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Survivors of Cyclone Idai Face Renewed Crisis


The heavy rain and flooding caused by Cyclone Idai has left communities in Mozambique, Zimbabwe and Malawi exposed to waterborne diseases such as cholera, typhoid and malaria as tens of thousands of people are stranded in camps with few toilets and little clean water.

As of 12 April there have been over 4,000 cases of cholera which is continuing to rise. Once contracted, cholera can dehydrate and kill a child within six hours.

Treatment for cholera can involve simple rehydration but more severe cases need intravenous drips.

An estimated 129,600 children are in need of humanitarian assistance. Children are the most affected in emergencies as they have lost their families and places to live.

Landslides, rock falls, and flooding have swept away houses, schools, roads and food supplies. The primary concern is the safety, security and needs of children, especially girls. The humanitarian organisation Plan International is running search and rescue boats for missing people.

When Cyclone Idai hit the small town of Buzi in Sofala province, Mozambique, 20-year-old Amela had just given birth to her third child, a little daughter.

Amela was at home with her husband, her sister-in-law, and her two children aged six and four, when the cyclone struck.

Amela’s house was torn down and flooded. She and her family were forced to flee. In the confusion, the family ran in different directions – Amela ran to the nearest tree with her newborn, losing sight of her husband, her two older children and her sister-in-law.

All I could think about was saving myself and my baby”, she says. “I climbed on top of a tree.”

Speaking from a camp set up for some of the 128,000 people displaced by the cyclone in Mozambique, Amela recalls with tears in her eyes:

“I spent four days on top of the tree before I saw a boat coming. I was so tired but so happy that help was finally coming.”

Amela made it to safety with more than 800 others – including numerous unaccompanied children and expectant mothers – after being rescued by one of several motor boats manned by Plan International.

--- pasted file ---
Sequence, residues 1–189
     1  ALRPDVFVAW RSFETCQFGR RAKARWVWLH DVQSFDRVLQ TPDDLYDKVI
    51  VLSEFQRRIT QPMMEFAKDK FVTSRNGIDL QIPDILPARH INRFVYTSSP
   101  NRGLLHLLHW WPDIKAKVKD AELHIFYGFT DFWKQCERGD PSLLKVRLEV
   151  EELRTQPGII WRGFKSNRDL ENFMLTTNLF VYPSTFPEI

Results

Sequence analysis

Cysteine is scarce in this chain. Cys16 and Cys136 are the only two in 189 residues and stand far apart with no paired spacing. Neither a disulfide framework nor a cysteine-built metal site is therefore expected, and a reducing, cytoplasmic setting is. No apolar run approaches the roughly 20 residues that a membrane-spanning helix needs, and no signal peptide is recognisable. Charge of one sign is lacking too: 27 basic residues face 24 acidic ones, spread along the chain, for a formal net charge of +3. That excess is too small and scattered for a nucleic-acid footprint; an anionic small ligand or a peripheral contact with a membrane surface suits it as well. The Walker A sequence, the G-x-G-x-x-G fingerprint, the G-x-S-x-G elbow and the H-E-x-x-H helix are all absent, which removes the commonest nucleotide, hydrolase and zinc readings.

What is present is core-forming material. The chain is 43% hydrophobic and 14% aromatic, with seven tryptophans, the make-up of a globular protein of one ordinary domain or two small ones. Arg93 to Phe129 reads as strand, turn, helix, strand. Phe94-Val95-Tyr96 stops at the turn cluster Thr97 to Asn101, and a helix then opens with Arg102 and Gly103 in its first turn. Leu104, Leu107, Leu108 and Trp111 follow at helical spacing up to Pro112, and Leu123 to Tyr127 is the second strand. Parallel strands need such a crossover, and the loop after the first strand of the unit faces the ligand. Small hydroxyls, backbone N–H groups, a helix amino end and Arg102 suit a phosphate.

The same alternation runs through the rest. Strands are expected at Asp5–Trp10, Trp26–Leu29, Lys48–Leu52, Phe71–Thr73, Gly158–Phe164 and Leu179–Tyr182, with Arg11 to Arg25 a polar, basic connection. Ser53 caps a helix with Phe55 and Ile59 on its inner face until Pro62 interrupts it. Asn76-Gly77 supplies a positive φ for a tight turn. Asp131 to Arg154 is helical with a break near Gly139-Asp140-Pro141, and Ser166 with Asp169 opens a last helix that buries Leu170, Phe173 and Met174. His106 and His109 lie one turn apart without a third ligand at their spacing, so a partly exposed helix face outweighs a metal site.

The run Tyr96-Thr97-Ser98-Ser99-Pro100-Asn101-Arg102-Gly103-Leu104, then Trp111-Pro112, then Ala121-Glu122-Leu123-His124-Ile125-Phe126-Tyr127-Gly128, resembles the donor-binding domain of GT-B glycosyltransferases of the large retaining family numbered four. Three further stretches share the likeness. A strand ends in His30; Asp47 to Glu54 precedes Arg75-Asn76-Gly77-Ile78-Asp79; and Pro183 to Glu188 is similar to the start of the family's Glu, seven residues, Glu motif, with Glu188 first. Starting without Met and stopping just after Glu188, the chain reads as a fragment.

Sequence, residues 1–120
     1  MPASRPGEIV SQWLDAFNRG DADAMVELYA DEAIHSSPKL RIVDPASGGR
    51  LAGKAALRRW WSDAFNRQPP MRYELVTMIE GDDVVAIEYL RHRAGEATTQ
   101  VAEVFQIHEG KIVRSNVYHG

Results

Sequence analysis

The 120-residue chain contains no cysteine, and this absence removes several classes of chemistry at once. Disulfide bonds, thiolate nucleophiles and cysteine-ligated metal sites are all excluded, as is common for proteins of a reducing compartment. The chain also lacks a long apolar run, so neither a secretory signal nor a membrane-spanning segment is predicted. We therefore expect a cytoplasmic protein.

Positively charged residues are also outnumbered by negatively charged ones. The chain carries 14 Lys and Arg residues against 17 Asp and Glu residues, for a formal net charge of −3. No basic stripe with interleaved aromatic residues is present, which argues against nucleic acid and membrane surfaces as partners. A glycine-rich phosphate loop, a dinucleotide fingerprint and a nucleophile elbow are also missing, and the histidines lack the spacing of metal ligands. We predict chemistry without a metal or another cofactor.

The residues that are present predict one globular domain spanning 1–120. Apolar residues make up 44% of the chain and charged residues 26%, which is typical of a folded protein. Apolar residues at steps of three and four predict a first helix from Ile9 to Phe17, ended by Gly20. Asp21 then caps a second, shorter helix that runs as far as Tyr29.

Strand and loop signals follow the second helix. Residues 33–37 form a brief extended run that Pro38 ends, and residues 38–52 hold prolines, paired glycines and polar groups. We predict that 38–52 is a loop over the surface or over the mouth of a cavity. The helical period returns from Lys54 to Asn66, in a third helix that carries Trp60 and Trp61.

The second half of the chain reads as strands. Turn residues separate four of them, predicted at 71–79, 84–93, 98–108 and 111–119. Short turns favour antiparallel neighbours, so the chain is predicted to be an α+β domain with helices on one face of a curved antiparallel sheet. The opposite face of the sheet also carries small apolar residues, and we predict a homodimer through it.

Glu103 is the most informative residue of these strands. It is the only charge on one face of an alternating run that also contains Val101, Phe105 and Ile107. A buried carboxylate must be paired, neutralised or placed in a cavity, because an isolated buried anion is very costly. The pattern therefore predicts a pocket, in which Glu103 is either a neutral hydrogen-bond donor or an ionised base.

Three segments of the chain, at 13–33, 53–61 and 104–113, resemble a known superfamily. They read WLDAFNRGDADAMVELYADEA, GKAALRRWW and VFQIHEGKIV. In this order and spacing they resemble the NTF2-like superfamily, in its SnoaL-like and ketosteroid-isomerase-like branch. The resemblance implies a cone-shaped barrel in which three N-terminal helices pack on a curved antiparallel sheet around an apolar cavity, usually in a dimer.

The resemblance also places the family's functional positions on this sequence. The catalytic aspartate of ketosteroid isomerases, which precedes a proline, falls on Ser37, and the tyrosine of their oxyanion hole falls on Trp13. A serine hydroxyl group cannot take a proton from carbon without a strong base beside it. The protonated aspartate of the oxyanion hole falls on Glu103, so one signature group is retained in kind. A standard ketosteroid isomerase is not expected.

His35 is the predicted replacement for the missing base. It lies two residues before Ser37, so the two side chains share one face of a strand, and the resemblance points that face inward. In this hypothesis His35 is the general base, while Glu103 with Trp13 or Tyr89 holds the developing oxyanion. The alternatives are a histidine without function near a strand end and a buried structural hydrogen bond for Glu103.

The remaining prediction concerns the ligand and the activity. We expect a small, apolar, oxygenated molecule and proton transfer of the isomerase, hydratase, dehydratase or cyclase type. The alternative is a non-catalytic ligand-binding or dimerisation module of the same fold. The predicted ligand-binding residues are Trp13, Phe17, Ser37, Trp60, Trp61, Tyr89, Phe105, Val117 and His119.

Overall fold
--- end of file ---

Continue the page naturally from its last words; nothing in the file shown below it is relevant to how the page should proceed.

Manito Mavilingue, Sponsorship Field Officer at Plan International Mozambique, is one of several staff members from the organisation manning boats rescuing people like Amala.

The people stranded on the tops of their homes were truly desperate and feeling despair,” says Mr Mavilingue. “Some of them had seen their family members falling from trees and buildings and swept away by the flood waters and it was clear once they’d reached safety that many were left traumatised.”

Thankfully, Amela’s eldest children both survived the cyclone. Amela has learned that they are being cared for by her sister in law, who escaped to a relative’s house on the other side of town.

Her husband was not so lucky. Just before speaking to Plan International, Amela received the news that he had drowned in the floods.

Plan International teams on the ground have scaled up the emergency response over the past few weeks to provide life-saving supplies for thousands of survivors like Amela.

Earlier this week the humanitarian organisation flew in over 96 tonnes of emergency supplies. The emergency kits include tarpaulin, blankets, hygiene kits, mosquito nets and cooking utensils.

Plan International are distributing sanitation and hygiene kits to reduce the spread of water borne diseases as well as dignity kits to adolescent girls with menstrual and hygiene products.